Screening Room #3: The Goodbye Girl

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I found about Neil Simon’s passing while we were driving to church (well, she was driving, I was reading), and I mulled it over throughout the morning. It felt strange, coming on the heels of the John McCain news. There’s nothing unusual about celebrity deaths coming in bunches, but this felt like a division of resources. I didn’t know which one to focus on, or why.

Neither was unexpected, but McCain’s final months were all about expectation, wondering if he’d make it back to the Senate, wondering if there were some final salvos against the leader of his party. The theatrical last gesture, etc. It was quite an exit, and honors are certainly deserved. I disagreed with him quite a bit in the past 10 years of his life, and became disillusioned and disappointed, but the man was an American hero and those are rare by definition.

Simon, on the other hand, just disappeared into old age, to the point that many were surprised he was still alive. I tried to recall any significant moments or memories around Neil Simon, but even given my pretty extensive theater history I was coming up empty. I saw and read the plays, I watched the movies and TV shows. I dug into parts written by Shakespeare, Ibsen, Pinter, Hellman, Shaw, Hart, Rodgers and Hammerstein, Lerner and Loewe, Moliere, Clifford Odets…but no Simon on my resume. I wasn’t indifferent. I wasn’t all that interested. I looked at the list of works and couldn’t get worked up about anything. His canon was definitely part of my life, and his characters part of the landscape, but he seemed kind of minimally significant to me.

Except.

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Neil Simon had this idea about a small-time actor who made it big. He had Dustin Hoffman’s career in mind, in fact, and he wrote a screenplay about this guy hauling his family from New York to L.A. to make a film, which turns him into a huge star, and the aftereffects of that. He cast Marsha Mason as the wife and Robert DeNiro as the actor. This would have been right after Taxi Driver.

DeNiro turned out to be too subtle for the wisecracks, and he was released, the screenplay was rewritten to be less dark, and Richard Dreyfuss was cast as Elliot Garfield, a neurotic Chicago actor who moves to NYC for a big break and discovers Marsha Mason living in his apartment, with her 10-year-old daughter.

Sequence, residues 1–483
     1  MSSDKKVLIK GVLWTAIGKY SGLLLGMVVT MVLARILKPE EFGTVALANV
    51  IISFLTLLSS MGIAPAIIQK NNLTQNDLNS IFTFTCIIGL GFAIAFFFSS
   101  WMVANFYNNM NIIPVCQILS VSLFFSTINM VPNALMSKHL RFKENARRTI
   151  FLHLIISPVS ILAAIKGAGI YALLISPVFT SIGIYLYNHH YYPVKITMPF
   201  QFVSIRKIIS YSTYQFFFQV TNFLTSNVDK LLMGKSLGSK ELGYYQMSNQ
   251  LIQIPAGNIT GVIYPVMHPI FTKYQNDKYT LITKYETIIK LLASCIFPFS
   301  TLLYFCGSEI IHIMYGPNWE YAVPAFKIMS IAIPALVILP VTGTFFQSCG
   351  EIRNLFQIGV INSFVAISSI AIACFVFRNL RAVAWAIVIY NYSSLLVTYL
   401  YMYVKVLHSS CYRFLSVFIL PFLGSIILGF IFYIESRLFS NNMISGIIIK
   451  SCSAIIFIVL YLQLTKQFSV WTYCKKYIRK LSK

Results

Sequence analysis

You know all this, I guess, or probably. It was a big hit in 1977, earning Oscar nominations and a Best Actor win for Dreyfuss, at the time the youngest man to ever win that award. It was a BFD.

I saw it on Christmas Break from my sophomore year in college with my girlfriend. It was warm and fuzzy, much more comfortable than the other film I remember us seeing that season (Waiting For Mr. Goodbar). I identified with the young actor thing.

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And I kept watching. In those days, children, movies were ephemeral things, showing up and then disappearing from view, only to pop up on special occasions, matinees for the old folks or afternoon showings on cable. I watched it every chance I got. It became special to me, a part of my story.

I eventually taped it off TV and saved that cassette for years (I may actually still have it). My daughter still has vague memories of Goodbye Girl nights, when we’d put the movie on and build a tent out of blankets and pillows, and I’d make her a chocolate shake. Seriously. All of those details stuck around.

So I watched it again on Sunday. It holds up very well. Dreyfuss is controlled energy, taking what are now well-known Dreyfuss characteristics (the way he shoots imaginary cuffs or bounces on his toes when excited) and putting them to work in building a rich portrait of a man teetering between over-confidence and fear of failure.

Marsha Mason doesn’t hold up all that well. I never quite got on her bandwagon in the 1970s, never felt that she was quite up to par with her contemporaries (Glenda Jackson, Meryl, Jill Clayburgh, Sally Field). Her character is unpleasant, partly because of the storyline and partly because of the character’s apparent lack of ambition to do anything but spend some man’s money. It’s a remarkable portrait of a shallow, aimless adult looking to be rescued. Made today, it would be offensive. Looking back, it just feels bizarre.

As does one particular scene, a playful, blossoming-romance scene where Dreyfuss is flirting aggressively with Mason and she keeps resisting. It’s kind of funny (funnier back then, probably) but still feels a little sinister. Dude. She said no.

But those are 2018 eyes, and that’s not really the point. I just wanted to be reminded that this great writer, by far the most successful American playwright ever, gave me one of my favorites. It was still warm and fuzzy, and the ending? With Dreyfuss back in his flooded phone booth, Mason standing on the fire escape, holding his guitar up in the rain, and that insipid David Gates song starting on the soundtrack…oh yeah. Still warm and fuzzy. This was a good one, so thanks for that, Neil Simon. You were the best. RIP.

I wonder what happened to that DeNiro guy.

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Chuck Sigars1 Comment